There are several ways in which a firm can reconfigure its value chain in order to create uniqueness. It can forward integrate in order to perform functions that once were performed by its customers. It can backward integrate in order to have more control over its inputs. It may implement new process technologies or utilize new distribution channels. Ultimately, the firm may need to be creative in order to develop a novel value chain configuration that increases product differentiation.

Value Chain & the Wider Systems

Value System

A firm’s value chain is part of a larger system that includes the value chains of upstream suppliers and downstream channels and customers. Porter calls this series of value chains the Value System, shown conceptually below:

Figure 2 .The Value System

Outsourcing Value Chain Activities

Whether the activity can be performed cheaper or better by suppliers.

Whether the activity is one of the firm’s core competencies from which stems a cost advantage or product differentiation?

The risk of performing the activity in-house. If the activity relies on fast-changing technology or the product is sold in a rapidly-changing market, it may be advantageous to outsource the activity in order to maintain flexibility and avoid the risk of investing in specialized assets.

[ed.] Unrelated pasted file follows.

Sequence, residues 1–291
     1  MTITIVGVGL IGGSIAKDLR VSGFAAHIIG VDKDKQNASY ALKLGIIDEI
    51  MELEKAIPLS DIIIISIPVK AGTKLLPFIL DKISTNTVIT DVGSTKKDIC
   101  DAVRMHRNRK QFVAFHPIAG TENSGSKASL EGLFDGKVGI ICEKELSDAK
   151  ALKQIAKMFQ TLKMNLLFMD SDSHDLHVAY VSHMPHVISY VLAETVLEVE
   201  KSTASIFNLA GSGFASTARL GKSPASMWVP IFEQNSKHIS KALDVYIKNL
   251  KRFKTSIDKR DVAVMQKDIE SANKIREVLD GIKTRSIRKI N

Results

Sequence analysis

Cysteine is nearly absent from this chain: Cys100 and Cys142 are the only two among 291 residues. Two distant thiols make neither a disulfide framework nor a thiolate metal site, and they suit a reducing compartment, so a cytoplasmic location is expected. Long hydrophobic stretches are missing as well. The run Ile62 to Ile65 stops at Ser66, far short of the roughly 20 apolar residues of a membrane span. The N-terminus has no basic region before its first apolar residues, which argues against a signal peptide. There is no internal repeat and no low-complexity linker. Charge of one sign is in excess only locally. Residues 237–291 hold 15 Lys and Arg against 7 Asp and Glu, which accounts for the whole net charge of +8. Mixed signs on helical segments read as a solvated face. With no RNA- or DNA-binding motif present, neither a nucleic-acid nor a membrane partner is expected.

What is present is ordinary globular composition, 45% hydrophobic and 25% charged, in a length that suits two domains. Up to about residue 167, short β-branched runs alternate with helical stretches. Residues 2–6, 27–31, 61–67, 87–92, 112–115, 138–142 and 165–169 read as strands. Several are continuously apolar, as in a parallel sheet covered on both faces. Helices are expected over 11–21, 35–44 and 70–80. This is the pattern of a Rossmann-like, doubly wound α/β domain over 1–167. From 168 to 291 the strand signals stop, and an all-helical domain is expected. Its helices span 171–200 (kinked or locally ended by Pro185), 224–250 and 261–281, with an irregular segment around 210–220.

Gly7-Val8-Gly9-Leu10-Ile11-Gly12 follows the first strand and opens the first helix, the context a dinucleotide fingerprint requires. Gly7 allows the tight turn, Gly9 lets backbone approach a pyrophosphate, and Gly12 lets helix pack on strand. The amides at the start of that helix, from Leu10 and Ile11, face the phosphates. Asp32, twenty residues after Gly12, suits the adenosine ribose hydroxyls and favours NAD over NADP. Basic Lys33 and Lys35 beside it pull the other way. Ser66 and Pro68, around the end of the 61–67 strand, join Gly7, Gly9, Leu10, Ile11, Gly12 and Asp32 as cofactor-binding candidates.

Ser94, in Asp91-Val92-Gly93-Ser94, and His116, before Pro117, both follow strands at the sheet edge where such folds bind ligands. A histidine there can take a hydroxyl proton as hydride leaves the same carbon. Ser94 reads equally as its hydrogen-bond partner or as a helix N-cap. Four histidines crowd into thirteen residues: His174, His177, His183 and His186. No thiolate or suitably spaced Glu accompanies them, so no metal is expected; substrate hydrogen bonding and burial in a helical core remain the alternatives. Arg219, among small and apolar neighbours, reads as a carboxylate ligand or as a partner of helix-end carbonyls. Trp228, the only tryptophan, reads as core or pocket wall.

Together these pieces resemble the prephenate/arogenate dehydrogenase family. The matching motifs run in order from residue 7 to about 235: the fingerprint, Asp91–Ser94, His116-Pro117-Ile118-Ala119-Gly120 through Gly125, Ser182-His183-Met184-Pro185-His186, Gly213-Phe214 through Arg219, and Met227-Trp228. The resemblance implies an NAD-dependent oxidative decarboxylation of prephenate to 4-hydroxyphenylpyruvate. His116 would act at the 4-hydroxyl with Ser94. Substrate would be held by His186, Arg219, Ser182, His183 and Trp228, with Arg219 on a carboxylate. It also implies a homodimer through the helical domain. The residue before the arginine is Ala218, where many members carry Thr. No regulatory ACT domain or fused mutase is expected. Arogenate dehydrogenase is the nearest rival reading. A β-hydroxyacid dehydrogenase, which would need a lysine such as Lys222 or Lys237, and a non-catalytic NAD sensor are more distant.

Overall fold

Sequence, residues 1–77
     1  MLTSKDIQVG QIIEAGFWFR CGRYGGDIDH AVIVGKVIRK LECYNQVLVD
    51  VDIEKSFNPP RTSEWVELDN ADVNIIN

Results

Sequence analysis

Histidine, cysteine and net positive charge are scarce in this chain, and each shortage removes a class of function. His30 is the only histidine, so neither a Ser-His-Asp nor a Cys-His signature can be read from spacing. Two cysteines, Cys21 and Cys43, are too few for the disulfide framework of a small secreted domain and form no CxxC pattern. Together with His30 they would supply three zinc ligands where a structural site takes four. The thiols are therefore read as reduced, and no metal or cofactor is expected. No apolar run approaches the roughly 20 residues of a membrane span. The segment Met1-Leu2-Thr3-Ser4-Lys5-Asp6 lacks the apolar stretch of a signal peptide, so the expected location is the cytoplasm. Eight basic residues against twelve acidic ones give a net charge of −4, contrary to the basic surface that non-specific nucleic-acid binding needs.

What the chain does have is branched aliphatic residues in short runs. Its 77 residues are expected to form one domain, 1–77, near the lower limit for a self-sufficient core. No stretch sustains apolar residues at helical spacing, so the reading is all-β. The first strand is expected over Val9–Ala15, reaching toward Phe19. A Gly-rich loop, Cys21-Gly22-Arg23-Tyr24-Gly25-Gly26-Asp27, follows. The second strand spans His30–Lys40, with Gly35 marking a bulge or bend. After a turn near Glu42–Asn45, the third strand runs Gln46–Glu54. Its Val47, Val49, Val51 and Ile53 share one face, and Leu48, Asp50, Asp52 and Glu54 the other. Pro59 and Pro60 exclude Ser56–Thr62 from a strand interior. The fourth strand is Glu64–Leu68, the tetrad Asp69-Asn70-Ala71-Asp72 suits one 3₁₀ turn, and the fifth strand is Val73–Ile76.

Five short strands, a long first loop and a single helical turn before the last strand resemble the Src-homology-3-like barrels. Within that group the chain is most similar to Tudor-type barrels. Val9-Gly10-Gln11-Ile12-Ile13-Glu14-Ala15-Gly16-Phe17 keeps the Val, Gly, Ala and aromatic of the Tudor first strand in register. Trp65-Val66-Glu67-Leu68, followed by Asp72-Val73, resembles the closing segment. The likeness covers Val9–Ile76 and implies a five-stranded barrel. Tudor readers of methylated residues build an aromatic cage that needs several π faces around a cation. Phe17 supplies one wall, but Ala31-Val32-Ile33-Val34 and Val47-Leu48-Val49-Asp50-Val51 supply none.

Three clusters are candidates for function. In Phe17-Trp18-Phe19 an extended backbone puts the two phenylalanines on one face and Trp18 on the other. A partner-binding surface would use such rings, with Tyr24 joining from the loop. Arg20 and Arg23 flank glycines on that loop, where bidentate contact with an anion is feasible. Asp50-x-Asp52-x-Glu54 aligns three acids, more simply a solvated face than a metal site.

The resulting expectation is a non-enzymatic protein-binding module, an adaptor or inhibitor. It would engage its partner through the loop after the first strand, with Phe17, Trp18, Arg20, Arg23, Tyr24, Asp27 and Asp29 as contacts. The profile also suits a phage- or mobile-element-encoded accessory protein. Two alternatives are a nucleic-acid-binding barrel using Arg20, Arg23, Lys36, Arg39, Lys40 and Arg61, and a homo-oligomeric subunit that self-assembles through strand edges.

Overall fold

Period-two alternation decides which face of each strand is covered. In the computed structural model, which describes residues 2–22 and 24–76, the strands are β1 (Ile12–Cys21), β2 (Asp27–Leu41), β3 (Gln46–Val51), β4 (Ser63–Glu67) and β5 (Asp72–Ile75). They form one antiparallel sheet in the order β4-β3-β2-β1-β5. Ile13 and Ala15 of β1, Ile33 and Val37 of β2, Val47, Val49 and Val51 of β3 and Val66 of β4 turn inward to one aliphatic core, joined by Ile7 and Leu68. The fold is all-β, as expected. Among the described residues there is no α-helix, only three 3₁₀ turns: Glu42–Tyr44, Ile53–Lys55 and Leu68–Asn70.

Whether the outsourcing of an activity can result in business process improvements such as reduced lead time, higher flexibility, reduced inventory, etc.

Technology and the Value Chain

The value chains of companies have undergone many changes over the last two decades, due to the rapidly changing business environment. Information technology and the Internet have played a fundamental role in transforming certain parts and the interlinking between parts of the value chains of companies today.

Because technology is employed to some degree in every value creating activity, changes in technology can impact competitive advantage by incrementally changing the activities themselves or by making possible new configurations of the value chain.

IS/IT in Value Chains

Today there are a lot more ways IS and IT support value chains and reconfigure value networks. For example Enterprise Resource Planning Software (ERP), Customer Relationship Management Software (CRM) and Supply Chain Management Software (SCM) help organizations making their primary activities and support activities more efficient. Furthermore these Software Solutions also interact with value networks and therefore are mighty tools for organizations.

Various IS technologies are used in both primary value activities and support activities as follows:

Primary Activities

Activity

Technology

Inbound Logistics

Automated Warehousing